Unlike your typical cemetery, Mountain View is very large and occupies the rolling terrain of the Piedmont block, consisting of Franciscan melange. In the photo below, all of the land in sight lies within the cemetery’s property.

Long ago the operators arranged for Cemetery Creek (headwaters of Glen Echo Creek) to fill three ponds, where the water can be parceled out over the dry season to help keep the turf lush. Right now they’re brim full and support a few waterfowl. The open hilltop on the left side will be turned into a new section of graves under a proposed plan.

The Franciscan outcrops or “knockers” in the cemetery’s hills echo the finished stone displayed so touchingly in the grave markers. Many historical Oaklanders famous and obscure rest here. A random walk in any direction will bring up names that ring a bell if you’ve spent significant time in the East Bay. Yes, that’s what cemeteries are for, but without the graves this territory would be just another busy park. The dead ensure that the living visitors stay on their best behavior.

And this is important — the delights of the cemetery don’t stop at its edge. The east side has had its huge hedge of overgrown eucalyptus removed, opening the crest of the high hills and the well-tended neighborhoods of Broadway Terrace to view.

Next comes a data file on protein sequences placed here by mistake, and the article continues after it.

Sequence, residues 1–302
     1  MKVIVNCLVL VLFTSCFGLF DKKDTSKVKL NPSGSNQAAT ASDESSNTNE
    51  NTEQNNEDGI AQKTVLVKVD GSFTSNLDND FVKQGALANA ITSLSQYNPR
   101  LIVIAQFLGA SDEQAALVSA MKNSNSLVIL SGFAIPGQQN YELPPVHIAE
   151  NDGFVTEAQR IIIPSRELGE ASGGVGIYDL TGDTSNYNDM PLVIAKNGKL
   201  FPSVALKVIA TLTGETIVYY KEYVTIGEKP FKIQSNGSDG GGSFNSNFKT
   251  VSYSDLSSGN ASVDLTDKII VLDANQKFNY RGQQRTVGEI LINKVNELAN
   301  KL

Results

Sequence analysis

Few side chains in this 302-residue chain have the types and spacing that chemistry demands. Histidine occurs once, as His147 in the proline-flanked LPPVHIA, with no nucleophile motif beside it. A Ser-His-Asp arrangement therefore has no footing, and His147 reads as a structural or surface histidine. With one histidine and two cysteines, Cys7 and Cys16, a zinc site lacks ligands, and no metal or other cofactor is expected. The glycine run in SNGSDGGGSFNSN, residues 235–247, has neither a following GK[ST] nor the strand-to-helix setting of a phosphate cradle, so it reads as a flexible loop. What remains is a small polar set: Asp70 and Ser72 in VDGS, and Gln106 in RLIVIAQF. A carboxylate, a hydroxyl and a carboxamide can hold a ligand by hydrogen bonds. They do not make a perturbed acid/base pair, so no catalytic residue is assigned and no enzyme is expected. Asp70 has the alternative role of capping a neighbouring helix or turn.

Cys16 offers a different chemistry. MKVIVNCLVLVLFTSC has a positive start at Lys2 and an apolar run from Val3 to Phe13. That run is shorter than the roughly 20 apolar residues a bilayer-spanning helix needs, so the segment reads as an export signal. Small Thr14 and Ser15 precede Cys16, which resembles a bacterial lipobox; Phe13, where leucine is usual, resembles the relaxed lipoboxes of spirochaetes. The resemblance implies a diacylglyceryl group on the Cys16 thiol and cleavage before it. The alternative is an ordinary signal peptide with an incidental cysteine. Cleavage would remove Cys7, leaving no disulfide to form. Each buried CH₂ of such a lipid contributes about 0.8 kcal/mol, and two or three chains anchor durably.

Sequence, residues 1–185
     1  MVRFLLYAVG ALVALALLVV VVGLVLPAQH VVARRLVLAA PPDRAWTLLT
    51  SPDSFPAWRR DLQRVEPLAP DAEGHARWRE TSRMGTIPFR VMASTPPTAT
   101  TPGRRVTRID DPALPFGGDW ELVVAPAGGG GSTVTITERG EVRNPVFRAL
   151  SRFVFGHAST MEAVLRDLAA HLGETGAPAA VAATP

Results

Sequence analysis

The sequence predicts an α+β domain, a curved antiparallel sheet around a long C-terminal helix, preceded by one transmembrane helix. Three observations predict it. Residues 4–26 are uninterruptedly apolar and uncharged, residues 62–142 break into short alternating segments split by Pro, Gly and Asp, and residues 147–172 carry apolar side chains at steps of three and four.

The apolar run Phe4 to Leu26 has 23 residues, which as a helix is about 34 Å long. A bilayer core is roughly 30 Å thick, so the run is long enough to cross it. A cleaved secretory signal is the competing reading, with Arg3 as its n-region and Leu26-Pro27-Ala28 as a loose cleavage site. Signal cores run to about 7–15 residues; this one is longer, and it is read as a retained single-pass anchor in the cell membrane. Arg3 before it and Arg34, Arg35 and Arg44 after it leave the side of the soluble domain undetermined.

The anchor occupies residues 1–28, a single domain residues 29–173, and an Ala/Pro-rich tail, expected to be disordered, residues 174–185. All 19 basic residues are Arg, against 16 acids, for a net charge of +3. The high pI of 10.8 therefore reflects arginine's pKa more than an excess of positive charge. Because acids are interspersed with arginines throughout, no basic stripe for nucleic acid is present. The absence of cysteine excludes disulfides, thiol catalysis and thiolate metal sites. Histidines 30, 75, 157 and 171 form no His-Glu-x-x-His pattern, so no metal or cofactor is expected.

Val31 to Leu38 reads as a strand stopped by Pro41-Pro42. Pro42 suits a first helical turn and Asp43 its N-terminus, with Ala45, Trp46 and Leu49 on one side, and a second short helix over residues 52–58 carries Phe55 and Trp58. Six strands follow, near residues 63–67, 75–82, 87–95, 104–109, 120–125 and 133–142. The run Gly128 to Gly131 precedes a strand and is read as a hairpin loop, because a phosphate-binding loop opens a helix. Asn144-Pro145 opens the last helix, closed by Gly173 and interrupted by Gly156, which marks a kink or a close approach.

A few eucalyptus trees remain on the hilltop hosting the cemetery’s high staging area. In manageable numbers, their trunks are attractive as they frame views of tempting places.

With the view east restored, there’s now a postcard vista in every direction you look. To the west you can see the Golden Gate, San Francisco, St. Mary’s Cemetery and Oakland’s outer harbor.

To the southwest is downtown Oakland and the ridges of the San Mateo Peninsula. These views, as well as those to the north and south, will always be unspoiled. From Mountain View, one can take in surroundings that encompass a large share of the greater Bay area from the midst of a setting that’s both attractive and historic.

So that’s my main case for this being the Bay area’s best landscape. But there’s more — there are rocks. I always make sure to visit this outcrop of red-brown radiolarian chert on the hillside behind the garden mausoleum, plot 3.

Other parts of the cemetery consist of shale, like this bit left behind from an excavation in plot 9.

The road up to the top of the cemetery exposes some of the well-bedded mudstone that underlies much of the grounds, but look in the gutter for the freshest exposure.

And once up there, make your way bayward from the northern tip of plot 77 to this outcrop of green and red chert.

I’m glad to entertain arguments that one place or another might be superior to our cemetery. For sheer viewshed, Mount Diablo is a candidate, as is Tamalpais. Twin Peaks in San Francisco gives excellent views of Oakland. Mount Livermore, on Angel Island, is worth a special mention. The South Bay and North Bay have many more picturesque places, not to mention the Peninsula. Lots of these spots survey a more spacious territory, but Mountain View surveys the most gracious territory, a viewshed of singular integrity that extends from infinity to your feet. In a region full of landscapes, this one offers as much elegance as it does grandeur.